Today in LGBT History – January 22

From the movie THE POST: “In the First Amendment, the Founding Fathers gave the free press the protection it must have to fulfill its essential role in our democracy. The press was to serve the governed, not the governors. The Government’s power to censor the press was abolished so that the press would remain forever free to censure the Government. The press was protected so that it could bare the secrets of government and inform the people.” Justice Black, New York Times v. United States [“Pentagon Papers” Case]

Learning our history is resistance! Thanks for taking this journey with me. Now go write your story!


Today in LGBT History – January 22

1561 – Sir Francis Bacon (1561 – 1626) was born in London. He is best known for his philosophical works concerning the acquisition of knowledge: Novum Organum and The Advancement of Learning. His mother wrote a letter to him, which still survives, complaining about the long list of male “servants and envoys” who find their way to his bed. She refers to a gay Spanish envoy as “that bloody Perez and bed companion of my son.” We don’t know what she wrote to her other son, Roger, who was also gay. 



1788, UK – George Gordon, Lord Byron (22 January 1788 – 19 April 1824), was borhn. He was an English noblemanpoetpeerpolitician, and leading figure in the Romantic movement. He is regarded as one of the greatest British poets[1]and remains widely read and influential. His memoir My Life and Adventures was burned being considered too scandalous for publication. A champion of freedom and an enemy of hypocrisy, he had a ravenous sexual appetite. His most enduring was with John FitzGibbon, 2nd Earl of Clare. Scholars acknowledge a more or less important bisexual component in Byron’s very complex sentimental and sexual life. 

1952 – Jim Kepner (1923 – 15 November 1997) and members of Mattachine discussed the idea of publishing a magazine for the LGBT community. They named their magazine ONE Inc. and put out the first issue in January 1953. In 1956, ONE opened the Institute for Homophile Studies. Today, ONE is the National Gay and Lesbian Archives at the University of Southern California  and the largest repository of LGBT materials in the world. Kepner was a journalist, author, historian, archivist and leader in the gay rights movement.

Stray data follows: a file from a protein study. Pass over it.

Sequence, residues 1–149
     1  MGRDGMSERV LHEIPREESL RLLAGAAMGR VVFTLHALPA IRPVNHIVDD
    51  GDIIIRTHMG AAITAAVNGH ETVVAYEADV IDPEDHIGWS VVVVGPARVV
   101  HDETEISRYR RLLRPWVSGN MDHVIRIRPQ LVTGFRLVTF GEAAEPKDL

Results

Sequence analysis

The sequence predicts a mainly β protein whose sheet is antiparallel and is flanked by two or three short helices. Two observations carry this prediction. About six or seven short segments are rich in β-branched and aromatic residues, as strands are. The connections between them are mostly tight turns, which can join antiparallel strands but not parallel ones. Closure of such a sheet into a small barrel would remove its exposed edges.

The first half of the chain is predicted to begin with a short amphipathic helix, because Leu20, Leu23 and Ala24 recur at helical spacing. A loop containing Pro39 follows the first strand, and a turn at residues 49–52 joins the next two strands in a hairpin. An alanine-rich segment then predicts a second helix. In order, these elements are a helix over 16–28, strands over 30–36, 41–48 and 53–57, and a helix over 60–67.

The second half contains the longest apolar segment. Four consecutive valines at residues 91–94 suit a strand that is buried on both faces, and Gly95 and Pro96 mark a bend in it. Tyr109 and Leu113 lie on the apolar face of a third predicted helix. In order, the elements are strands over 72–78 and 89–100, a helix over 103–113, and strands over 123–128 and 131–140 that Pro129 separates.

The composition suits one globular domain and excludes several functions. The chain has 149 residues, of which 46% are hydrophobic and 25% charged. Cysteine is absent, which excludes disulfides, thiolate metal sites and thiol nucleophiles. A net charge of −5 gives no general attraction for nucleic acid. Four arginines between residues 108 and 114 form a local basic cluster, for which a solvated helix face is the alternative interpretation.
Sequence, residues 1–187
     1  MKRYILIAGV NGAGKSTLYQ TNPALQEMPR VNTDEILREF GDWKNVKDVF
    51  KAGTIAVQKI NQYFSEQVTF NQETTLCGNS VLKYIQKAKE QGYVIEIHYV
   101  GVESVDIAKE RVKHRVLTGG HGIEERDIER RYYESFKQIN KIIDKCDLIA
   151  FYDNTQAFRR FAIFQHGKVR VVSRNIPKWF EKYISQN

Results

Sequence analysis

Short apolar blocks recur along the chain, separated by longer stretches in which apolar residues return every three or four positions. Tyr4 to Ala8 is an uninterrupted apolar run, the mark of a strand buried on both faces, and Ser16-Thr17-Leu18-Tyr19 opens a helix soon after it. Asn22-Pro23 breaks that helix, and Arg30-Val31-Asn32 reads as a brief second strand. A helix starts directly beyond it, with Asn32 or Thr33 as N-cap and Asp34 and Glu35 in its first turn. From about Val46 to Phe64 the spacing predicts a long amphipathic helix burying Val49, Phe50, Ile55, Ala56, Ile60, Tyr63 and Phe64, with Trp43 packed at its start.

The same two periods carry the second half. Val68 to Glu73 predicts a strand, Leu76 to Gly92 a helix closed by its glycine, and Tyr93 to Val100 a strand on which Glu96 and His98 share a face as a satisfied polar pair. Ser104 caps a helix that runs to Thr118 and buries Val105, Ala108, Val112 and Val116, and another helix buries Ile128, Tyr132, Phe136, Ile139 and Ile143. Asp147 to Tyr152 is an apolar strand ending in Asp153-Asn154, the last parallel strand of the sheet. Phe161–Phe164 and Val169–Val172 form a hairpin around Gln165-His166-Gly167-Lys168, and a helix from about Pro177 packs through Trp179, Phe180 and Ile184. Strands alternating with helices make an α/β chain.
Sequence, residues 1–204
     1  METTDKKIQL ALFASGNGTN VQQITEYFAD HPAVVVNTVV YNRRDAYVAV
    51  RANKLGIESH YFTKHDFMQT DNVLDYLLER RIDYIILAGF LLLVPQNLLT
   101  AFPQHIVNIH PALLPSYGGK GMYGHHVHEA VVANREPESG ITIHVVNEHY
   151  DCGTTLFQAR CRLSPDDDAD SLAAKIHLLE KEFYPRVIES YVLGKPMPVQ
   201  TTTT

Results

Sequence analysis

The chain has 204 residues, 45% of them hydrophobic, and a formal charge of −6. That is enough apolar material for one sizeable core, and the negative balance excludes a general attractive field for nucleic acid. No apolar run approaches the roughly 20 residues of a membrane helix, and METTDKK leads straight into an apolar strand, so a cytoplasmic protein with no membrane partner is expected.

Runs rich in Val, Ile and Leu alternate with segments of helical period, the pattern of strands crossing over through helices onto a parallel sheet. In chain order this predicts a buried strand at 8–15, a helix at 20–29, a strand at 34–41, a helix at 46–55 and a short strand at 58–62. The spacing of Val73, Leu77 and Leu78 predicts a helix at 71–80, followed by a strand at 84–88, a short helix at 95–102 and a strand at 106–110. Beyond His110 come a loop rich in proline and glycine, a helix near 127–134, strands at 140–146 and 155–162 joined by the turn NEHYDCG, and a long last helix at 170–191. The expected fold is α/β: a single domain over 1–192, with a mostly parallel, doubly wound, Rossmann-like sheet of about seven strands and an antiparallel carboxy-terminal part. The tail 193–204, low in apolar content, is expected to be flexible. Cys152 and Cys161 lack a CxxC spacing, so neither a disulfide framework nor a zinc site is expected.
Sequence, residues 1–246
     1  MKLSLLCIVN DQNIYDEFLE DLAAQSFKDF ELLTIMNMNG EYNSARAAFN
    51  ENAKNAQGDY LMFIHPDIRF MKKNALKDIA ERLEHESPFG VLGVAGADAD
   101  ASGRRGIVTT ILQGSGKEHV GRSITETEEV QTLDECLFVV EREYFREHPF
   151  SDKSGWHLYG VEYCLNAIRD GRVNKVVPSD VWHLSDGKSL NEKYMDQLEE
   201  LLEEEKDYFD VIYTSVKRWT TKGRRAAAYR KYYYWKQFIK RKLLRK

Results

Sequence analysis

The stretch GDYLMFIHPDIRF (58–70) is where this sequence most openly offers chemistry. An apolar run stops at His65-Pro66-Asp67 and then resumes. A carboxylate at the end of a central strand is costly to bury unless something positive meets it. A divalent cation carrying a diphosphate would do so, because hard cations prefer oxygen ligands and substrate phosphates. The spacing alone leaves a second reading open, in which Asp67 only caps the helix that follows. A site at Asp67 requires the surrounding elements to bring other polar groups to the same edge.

1957, Germany – Cabaret singer and open lesbian Claire Waldoff (21 October 1884 – 22 January 1957), dies. She was a famous kabarett singer and entertainer in Berlin during the 1910s and 1920s, chiefly known for performing ironic songs in the Berlinish dialect and lesbian undertones and themes. After the war, she lost her savings in the West German monetary reform of 1948 and from 1951 relied on little monetary support by the Senate of Berlin. In 1953, she wrote her autobiography. Waldoff died aged 72 after a stroke. She and her partner of 40 years, Olga von Roeder (June 12, 1886-July 11, 1963), share a final resting place in Stuttgart. They lived in Germany their entire lives. Claire Waldoff has a star in Walk of Fame of Cabaret, Mainz.

1966 – The first lesbian to appear on the cover of the lesbian magazine The Ladder with her face showing was Lilli Vincenz (born September 26, 1937). Lilli  is a lesbian activist and the first lesbian member of the gay political activist effort, the Mattachine Society of Washington (MSW). She served as the editor of the organization’s newsletter and in 1969 along with Nancy Tucker created the independent newspaper, the Gay Blade, which later became the Washington Blade. She was the only self-identified lesbian to participate in the second White House picket with Frank Kameny (May 21, 1925 – October 11, 2011). In 2013 her papers, films and other memorabilia were donated to the Library of Congress.

1973 – Abortion became legal in the U.S. as the Supreme Court announced its decision in the case of Roe vs. Wade striking down local state laws restricting abortions in the first six months of pregnancy. In more recent rulings (1989 and 1992) the Court upheld the power of individual states to impose some restrictions.  In 1994, Norma Leah McCorvey (aka “Jane Roe”) (September 22, 1947 – February 18, 2017) wrote of her sexual orientation in her memoir I Am Roe: My Life, Roe V. Wade, and Freedom of Choice. For many years, she had lived quietly in Dallas with her long-time partner, Connie Gonzales. A few years later she claims that she has converted to Christianity and was no longer a lesbian.

1978 – New York City Mayor Ed Koch issues Executive Order 50 which forbids discrimination against gay men and lesbians in municipal government.

1986 – Carl Wittman (February 23, 1943 – January 22, 1986) dies. Carl was a member of the national council of Students for a Democratic Society (SDS) and later an activist for LGBT rights. He co-authored “An Interracial Movement of the Poor?” (1963) with Tom Hayden and wrote “A Gay Manifesto” (1970). Wittman was denied hospital treatment for AIDS and committed suicide by drug overdose at home in North Carolina.


Stand up, speak out, share your story!

Warmly,

Ronni

 

(Historical information obtained from a variety of sources including QUIST at facebook.com/quistapp, Back2Stonewall.com, Lavender Effect, DataLounge.com, Arron’s Gay Info, All Things Queer, RS Levinson, Amara Das Wilhelm, Safe Schools Coalition, and/or Wikipedia. If you wish to edit an item or add an item, please send an email to me at ronnisanlo@gmail.com. Thanks!)

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